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Burnet County gets serious on nuisance property cleanup

This property at 208 Deer Springs Drive is scheduled for a Burnet County abatement later this summer, meaning county work crews will step in and clean it up. This photo of the property was taken in March. Staff photo by Suzanne Freeman

The Burnet County Commissioners Court unanimously voted to clean up a nuisance property at 208 Deer Springs Drive. The property has been on the county’s radar for at least five years due to numerous complaints about extreme trash buildup and potential health and environmental hazards.

The court made its decision during a regular meeting on Tuesday, May 14, greenlighting the “abatement” process. County work crews will clean up the property, located in Precinct 1, and bill the landowner for the cost. A lien will be placed on the property until costs are reimbursed.

Abatements are not common in Burnet County, said Precinct 1 Commissioner Jim Luther Jr. This is the first one he has overseen since he took office in 2017. The cleanup will be paid for from the Precinct 1 road and bridge budget.

“It’s a long process that has to work through the court system,” Luther told “We can only afford to do so much, but I think people need to know that we are serious about cleaning up these types of areas.”

The county does not yet have an estimate on how much the cleanup will cost. County employees and equipment will be used to complete the job.

Burnet County Sheriff’s Office Environmental Crimes Officer Paul Kowalik has been dealing with the Deer Springs Drive property since 2019. He started the abatement process over two years ago. 

“There have been continuous, constant complaints,” Kowalik told the court on Tuesday. “The only way it’s going to get resolved is if we do it ourselves.”

Kowalik enforces the Texas State Health and Safety Code on behalf of the county, and the property at 208 Deer Springs Drive reportedly violates numerous aspects of Chapter 343 of the code, which details “public nuisances.”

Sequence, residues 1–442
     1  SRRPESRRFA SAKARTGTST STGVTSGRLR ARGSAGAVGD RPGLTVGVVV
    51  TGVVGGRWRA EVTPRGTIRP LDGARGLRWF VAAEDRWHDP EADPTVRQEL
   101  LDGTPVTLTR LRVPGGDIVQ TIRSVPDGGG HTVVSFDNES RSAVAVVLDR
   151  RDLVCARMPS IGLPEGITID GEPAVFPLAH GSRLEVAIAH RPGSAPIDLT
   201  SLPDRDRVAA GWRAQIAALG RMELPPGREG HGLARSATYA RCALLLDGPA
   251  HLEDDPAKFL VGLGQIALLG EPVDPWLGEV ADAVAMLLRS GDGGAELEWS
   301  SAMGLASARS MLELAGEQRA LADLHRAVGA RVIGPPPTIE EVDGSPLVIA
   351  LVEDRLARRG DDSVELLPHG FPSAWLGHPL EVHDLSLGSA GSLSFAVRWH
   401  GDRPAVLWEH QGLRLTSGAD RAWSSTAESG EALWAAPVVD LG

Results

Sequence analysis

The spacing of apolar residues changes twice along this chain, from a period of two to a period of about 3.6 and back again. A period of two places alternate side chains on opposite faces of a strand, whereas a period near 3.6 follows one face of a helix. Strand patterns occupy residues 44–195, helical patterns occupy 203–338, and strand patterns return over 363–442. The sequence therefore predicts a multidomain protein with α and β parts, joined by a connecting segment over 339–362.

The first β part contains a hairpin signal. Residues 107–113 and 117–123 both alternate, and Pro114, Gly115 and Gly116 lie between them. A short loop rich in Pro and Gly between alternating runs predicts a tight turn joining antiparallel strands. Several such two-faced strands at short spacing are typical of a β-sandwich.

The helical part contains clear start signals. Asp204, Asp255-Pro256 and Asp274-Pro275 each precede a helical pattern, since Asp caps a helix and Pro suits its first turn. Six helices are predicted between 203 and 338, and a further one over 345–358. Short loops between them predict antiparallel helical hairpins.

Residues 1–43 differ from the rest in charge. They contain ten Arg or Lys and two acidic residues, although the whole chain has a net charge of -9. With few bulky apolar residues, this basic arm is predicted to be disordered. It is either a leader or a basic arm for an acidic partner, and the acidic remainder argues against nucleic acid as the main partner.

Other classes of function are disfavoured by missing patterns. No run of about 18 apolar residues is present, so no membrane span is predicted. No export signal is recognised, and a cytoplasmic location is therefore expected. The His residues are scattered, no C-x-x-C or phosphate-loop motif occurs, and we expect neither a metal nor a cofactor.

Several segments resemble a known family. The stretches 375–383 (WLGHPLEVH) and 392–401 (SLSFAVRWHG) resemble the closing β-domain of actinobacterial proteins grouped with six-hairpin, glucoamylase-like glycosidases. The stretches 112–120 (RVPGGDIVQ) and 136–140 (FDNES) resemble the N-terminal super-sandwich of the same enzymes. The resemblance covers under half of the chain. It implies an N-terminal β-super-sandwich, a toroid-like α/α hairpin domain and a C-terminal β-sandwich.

Some of the language from Chapter 343 defines a public nuisance as:

“Keeping, storing, or accumulating rubbish, including newspapers, abandoned vehicles, refrigerators, stoves, furniture, tires, and cans, on premises in a neighborhood or within 300 feet of a public street for 10 days or more, unless the rubbish or object is completely enclosed in a building or is not visible from a public street.”

The regulations are specifically for unincorporated areas. According to Kowalik, cities may have far more restrictive and enforceable ordinances. The county’s powers are limited to state laws.

“My authority is given to me by the Texas Health and Safety Code,” he explained. “We’re much more lenient than (city) code enforcement.”

Kowalik expects the cleanup will begin sometime in the summer, which will give the property’s occupants a final chance before the county steps in. 

“I’ve been communicating with the residents on the property, and they’re aware of what’s going to happen,” Kowalik told the court. “They’ve been very cooperative, but the (state of the property) has not improved at all.”

2 thoughts on “Burnet County gets serious on nuisance property cleanup

  1. Burnet County offers a free clean up opportunity twice per year, in April and October. Each event accepts batteries, oil, paint, tires and electronics. The October event also accepts Household Hazardous Waste items. The events are publicized through local media.

  2. When Burnet County owns the property they can cleanup whatever they want to. Until then leave the landowner alone. Property rights are human rights. Maybe if there was somewhere people could take this old stuff that didn’t cost an arm and a leg it wouldn’t build up. Somewhere people can take hazmat would be nice too. You want a cleaner county, provide the opportunity. Many can’t afford to get rid of this type stuff and if you charge them they’ll just end up under foreclosure and lose their home for some over-reaching County BS.

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